Examines Shaw's work in the theater and the use of theater in his work. Part I, "Bernard Shaw, Director" was originally published in 1971 and remains the most authoritative work on this aspect of Shaw. Part II: "The Director as Interpreter:
Even without the right to vote, members of the United Daughters of the Confederacy proved to have enormous social and political influence throughout the South--all in the name of preserving Confederate culture. Karen L. Cox's history of the UDC, an organization founded in 1894 to vindicate the Confederate generation and honor the Lost Cause, shows why myths surrounding the Confederacy continue to endure.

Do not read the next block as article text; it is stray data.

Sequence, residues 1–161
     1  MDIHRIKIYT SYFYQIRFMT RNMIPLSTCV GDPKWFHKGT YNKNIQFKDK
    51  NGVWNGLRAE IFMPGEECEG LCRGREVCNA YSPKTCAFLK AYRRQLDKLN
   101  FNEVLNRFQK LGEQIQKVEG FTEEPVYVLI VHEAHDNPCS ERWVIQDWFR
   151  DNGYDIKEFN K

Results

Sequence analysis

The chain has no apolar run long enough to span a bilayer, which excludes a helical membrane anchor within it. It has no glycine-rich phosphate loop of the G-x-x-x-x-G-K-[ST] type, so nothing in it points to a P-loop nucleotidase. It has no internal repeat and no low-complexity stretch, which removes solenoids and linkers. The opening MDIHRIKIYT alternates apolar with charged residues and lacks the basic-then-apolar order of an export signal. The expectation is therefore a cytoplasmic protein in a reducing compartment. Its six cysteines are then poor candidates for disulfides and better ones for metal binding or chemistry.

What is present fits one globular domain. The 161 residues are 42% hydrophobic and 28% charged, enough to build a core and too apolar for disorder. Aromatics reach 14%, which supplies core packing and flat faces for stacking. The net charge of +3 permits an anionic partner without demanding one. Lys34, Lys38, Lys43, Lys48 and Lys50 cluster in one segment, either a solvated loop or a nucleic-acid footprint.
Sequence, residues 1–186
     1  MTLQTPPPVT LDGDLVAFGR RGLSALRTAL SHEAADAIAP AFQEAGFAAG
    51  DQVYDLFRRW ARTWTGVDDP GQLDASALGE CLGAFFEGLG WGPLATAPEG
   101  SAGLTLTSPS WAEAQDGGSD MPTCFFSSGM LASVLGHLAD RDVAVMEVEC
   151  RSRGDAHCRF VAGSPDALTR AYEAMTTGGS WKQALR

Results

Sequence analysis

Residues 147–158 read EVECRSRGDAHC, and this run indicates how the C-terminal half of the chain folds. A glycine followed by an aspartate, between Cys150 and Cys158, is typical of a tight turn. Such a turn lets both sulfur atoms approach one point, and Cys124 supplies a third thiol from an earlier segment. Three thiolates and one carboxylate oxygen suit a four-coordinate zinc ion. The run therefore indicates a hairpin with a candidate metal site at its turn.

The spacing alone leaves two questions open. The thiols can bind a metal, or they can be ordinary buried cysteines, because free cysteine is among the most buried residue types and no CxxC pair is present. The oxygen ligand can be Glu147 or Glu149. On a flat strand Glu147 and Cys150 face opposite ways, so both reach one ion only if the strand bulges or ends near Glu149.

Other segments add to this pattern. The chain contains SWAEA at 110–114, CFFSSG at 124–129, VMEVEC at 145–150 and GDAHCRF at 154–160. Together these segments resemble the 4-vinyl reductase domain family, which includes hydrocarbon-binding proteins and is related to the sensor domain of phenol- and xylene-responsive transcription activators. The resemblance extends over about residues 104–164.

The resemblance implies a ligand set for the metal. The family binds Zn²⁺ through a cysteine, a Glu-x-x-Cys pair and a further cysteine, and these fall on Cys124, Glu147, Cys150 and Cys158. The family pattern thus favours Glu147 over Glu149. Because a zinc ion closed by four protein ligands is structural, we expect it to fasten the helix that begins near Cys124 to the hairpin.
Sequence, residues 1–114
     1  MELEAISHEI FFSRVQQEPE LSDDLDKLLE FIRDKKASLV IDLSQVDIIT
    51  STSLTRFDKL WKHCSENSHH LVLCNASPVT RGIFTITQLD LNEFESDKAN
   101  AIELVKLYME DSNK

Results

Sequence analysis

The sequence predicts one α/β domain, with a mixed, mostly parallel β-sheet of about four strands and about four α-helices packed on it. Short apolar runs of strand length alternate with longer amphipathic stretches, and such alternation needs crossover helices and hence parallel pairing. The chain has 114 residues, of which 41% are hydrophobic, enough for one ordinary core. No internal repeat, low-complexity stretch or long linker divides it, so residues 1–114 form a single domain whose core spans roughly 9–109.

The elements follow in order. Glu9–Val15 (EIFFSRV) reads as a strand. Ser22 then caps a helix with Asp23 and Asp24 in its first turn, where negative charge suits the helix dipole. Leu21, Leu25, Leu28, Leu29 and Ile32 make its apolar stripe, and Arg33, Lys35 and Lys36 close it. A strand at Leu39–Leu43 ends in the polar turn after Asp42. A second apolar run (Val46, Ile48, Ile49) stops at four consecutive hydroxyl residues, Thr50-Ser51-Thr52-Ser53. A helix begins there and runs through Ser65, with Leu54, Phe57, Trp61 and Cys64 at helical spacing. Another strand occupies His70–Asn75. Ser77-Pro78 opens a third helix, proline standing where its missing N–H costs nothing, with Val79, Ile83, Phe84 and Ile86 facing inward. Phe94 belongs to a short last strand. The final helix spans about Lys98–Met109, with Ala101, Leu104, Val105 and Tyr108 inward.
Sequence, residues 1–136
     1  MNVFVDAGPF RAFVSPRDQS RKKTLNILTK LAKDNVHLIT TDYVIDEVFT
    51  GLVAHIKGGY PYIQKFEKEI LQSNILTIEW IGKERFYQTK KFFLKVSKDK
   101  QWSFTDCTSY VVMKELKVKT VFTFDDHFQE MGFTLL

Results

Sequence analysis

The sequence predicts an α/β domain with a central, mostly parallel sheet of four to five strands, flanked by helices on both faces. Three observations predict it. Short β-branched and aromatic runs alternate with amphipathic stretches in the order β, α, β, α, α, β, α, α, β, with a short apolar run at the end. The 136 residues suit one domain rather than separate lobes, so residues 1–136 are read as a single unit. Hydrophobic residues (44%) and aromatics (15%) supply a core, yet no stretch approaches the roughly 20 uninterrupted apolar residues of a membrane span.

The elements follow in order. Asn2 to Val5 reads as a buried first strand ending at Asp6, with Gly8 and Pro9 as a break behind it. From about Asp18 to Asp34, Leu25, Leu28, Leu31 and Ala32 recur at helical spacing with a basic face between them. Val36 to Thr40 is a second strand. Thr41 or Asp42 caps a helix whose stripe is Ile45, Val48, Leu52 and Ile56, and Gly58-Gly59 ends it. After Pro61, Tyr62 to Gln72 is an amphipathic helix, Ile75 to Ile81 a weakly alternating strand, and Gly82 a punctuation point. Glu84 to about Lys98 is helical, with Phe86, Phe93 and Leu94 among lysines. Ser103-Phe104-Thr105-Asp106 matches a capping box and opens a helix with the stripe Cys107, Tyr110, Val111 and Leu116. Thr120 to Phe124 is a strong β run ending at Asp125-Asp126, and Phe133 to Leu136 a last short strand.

Edited by Yumi Park Huntington, Dean E. Arnold, and Johanna Minich
Pub Date: 10/18/2018
This is the first volume to bring together archaeology, anthropology, and art history in the analysis of pre-Columbian pottery. While previous research on ceramic artifacts has been divided by these three disciplines, this volume shows how integrating these approaches provides new understandings of many different aspects of Ancient American societies.
Cuba had the largest slave society of the Spanish colonial empire. At Santa Ana de Biajacas the plantation owner sequestered slaves behind a massive masonry wall. In the first archaeological investigation of a Cuban plantation by an English speaker, Theresa Singleton explores how elite Cuban planters used the built environment to impose a hierarchical social order upon slave laborers.
The first reference of its kind for southern gardens, Landscaping with Conifers and Ginkgo for the Southeast is a compilation of years of research and horticulture experience that will aid anyone, whether novice or professional, in creating beautiful year-round landscapes.